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Chapter XII.

WithJane Austen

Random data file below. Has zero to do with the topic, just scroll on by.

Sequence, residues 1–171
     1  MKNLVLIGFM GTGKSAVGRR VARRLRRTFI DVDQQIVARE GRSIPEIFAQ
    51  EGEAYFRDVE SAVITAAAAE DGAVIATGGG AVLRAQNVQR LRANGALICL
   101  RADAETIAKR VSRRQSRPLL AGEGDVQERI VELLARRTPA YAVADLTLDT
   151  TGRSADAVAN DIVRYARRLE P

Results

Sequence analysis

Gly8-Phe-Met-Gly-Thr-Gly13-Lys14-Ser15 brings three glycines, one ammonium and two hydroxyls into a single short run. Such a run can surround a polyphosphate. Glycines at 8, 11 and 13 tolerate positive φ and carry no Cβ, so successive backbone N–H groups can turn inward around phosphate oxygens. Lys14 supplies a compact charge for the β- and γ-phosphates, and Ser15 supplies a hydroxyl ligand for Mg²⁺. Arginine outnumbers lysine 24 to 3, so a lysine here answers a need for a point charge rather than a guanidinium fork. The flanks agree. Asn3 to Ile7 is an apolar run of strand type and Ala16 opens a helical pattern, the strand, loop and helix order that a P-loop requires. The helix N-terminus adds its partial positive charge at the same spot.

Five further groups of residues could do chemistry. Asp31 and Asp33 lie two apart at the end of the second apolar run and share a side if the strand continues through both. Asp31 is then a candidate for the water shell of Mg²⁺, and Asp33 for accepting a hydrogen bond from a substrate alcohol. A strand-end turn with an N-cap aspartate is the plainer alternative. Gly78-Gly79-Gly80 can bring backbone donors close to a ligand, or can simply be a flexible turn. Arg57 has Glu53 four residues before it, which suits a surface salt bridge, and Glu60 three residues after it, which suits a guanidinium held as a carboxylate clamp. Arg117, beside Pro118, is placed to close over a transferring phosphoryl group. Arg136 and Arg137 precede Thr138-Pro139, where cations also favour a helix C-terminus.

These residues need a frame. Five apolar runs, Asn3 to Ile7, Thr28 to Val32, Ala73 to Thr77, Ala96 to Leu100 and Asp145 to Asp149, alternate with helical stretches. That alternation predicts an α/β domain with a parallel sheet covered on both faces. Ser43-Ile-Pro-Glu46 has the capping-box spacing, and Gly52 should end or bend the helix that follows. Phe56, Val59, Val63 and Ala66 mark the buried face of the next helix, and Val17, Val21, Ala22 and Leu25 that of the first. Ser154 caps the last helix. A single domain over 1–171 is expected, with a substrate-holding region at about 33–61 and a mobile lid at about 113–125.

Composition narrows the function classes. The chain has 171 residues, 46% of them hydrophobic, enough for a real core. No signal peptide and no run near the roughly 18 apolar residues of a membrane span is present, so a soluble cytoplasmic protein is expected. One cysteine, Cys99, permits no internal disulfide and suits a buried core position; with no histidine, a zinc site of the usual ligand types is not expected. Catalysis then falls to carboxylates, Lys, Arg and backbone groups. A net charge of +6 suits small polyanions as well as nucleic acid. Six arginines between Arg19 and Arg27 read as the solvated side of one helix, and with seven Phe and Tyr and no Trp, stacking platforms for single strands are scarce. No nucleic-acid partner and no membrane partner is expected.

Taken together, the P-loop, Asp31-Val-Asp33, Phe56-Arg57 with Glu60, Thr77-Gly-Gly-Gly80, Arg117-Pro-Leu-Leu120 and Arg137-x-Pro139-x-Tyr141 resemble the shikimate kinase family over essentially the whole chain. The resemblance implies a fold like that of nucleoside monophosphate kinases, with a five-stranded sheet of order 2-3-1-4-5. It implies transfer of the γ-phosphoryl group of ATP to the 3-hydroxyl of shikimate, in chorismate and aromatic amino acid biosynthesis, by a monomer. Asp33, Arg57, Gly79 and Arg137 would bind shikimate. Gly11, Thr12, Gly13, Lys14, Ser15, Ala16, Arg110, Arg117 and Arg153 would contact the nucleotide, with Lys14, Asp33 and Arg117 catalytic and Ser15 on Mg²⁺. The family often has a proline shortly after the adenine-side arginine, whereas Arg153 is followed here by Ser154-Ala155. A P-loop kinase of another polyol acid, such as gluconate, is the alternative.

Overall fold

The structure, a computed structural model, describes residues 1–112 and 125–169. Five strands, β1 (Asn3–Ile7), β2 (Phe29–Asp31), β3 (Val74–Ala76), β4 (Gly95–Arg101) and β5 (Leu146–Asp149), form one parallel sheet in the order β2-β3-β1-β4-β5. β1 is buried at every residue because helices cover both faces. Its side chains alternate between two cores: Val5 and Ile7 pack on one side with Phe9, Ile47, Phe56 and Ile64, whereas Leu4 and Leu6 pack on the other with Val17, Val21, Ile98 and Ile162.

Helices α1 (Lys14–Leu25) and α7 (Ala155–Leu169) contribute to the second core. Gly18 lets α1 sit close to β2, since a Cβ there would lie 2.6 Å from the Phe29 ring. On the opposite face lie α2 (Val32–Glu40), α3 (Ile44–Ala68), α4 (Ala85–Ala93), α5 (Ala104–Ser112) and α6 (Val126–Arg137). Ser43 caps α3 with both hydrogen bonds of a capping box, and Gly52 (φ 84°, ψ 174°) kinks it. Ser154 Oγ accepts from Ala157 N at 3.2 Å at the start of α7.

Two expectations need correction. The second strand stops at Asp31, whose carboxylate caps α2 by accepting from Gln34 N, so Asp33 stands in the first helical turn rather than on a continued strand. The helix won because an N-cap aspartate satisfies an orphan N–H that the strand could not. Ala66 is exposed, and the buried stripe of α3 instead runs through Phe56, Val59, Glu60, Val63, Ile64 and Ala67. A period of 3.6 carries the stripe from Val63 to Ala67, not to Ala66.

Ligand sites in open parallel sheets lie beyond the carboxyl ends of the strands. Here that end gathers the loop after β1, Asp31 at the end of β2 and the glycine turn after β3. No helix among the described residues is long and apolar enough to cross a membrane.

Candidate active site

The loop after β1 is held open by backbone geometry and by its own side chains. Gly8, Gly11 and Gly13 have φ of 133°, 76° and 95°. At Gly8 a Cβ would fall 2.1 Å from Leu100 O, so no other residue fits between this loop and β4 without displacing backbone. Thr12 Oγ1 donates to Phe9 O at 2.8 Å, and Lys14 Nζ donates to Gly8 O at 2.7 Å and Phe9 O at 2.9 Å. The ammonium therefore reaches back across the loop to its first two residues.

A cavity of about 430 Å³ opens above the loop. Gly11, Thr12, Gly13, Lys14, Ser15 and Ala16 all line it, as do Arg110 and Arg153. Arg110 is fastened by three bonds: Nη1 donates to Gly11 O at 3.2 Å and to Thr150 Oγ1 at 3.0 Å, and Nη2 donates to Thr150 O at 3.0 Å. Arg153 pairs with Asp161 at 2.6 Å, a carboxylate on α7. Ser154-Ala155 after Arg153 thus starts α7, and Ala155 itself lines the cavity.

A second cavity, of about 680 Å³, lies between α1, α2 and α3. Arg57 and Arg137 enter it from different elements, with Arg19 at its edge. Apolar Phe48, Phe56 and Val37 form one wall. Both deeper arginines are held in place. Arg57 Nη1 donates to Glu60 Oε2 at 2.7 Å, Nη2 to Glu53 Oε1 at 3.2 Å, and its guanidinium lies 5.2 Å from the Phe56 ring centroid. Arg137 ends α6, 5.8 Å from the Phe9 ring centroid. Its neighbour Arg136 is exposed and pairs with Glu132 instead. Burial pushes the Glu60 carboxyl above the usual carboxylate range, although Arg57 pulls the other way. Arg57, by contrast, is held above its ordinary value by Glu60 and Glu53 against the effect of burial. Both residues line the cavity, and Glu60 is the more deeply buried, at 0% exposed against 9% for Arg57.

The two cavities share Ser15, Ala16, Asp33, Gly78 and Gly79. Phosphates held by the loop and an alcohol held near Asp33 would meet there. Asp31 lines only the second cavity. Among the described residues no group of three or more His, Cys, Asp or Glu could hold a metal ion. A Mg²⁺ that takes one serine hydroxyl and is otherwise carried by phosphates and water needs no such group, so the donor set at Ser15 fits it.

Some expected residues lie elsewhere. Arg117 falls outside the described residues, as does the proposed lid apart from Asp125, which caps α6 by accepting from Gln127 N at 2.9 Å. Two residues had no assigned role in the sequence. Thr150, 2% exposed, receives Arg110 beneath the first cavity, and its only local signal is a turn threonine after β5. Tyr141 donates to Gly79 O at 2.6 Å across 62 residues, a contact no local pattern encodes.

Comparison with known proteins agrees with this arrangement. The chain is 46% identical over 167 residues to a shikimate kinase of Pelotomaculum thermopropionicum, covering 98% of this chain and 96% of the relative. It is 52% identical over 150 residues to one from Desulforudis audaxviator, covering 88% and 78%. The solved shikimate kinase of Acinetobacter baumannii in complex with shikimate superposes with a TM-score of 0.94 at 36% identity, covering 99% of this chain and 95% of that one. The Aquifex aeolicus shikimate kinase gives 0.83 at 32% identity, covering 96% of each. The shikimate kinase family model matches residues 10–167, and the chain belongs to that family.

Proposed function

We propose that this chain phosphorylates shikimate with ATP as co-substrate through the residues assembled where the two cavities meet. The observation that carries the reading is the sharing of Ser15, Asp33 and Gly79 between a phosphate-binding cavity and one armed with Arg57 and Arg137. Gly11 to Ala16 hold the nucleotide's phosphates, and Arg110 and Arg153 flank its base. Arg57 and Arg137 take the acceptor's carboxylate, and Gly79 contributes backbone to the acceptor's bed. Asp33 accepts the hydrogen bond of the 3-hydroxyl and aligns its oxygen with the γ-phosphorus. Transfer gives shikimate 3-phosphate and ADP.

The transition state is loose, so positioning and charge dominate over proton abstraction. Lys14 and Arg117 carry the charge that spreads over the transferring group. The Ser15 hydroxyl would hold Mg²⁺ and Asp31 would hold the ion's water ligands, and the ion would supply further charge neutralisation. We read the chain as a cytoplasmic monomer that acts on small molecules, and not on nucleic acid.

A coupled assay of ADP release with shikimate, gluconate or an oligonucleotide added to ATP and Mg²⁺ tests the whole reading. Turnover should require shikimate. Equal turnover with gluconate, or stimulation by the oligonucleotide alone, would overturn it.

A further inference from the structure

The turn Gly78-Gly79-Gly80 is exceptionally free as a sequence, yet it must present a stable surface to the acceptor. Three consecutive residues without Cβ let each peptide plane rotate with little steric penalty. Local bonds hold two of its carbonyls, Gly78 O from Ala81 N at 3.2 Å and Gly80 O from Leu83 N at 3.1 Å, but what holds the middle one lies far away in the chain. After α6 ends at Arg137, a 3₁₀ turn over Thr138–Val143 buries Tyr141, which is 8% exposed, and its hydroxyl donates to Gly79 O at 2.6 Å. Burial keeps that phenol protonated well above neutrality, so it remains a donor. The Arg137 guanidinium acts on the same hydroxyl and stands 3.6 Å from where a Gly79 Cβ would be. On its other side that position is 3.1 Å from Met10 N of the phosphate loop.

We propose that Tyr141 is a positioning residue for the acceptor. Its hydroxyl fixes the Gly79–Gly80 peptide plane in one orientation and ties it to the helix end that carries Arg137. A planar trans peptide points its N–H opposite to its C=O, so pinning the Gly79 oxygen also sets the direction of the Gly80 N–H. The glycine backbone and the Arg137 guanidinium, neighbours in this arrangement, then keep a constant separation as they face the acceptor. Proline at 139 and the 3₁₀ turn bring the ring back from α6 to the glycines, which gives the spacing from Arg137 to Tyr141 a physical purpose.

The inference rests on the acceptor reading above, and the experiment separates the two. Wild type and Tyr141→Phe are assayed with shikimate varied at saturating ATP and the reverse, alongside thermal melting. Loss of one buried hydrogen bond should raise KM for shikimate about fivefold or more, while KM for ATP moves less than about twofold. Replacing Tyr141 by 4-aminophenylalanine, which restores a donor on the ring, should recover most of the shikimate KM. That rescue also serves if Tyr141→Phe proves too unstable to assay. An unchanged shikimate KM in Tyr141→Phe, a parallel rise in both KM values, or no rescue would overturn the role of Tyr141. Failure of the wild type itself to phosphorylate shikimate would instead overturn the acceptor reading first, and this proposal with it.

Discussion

Miss Crawford’s uneasiness was much lightened by this conversation, and she walked home again in spirits which might have defied almost another week of the same small party in the same bad weather, had they been put to the proof; but as that very evening brought her brother down from London again in quite, or more than quite, his usual cheerfulness, she had nothing farther to try her own. His still refusing to tell her what he had gone for, was but the promotion of gaiety; a day before it might have irritated, but now it was a pleasant joke—suspected only of concealing something planned as a pleasant surprise to herself. And the next day did bring a surprise to her. Henry had said he should just go and ask the Bertrams how they did, and be back in ten minutes—but he was gone 256above an hour; and when his sister, who had been waiting for him to walk with her in the garden, met him at last most impatiently in the sweep, and cried out, “My dear Henry, where can you possibly have been all this time?” he had only to say that he had been sitting with Lady Bertram and Fanny.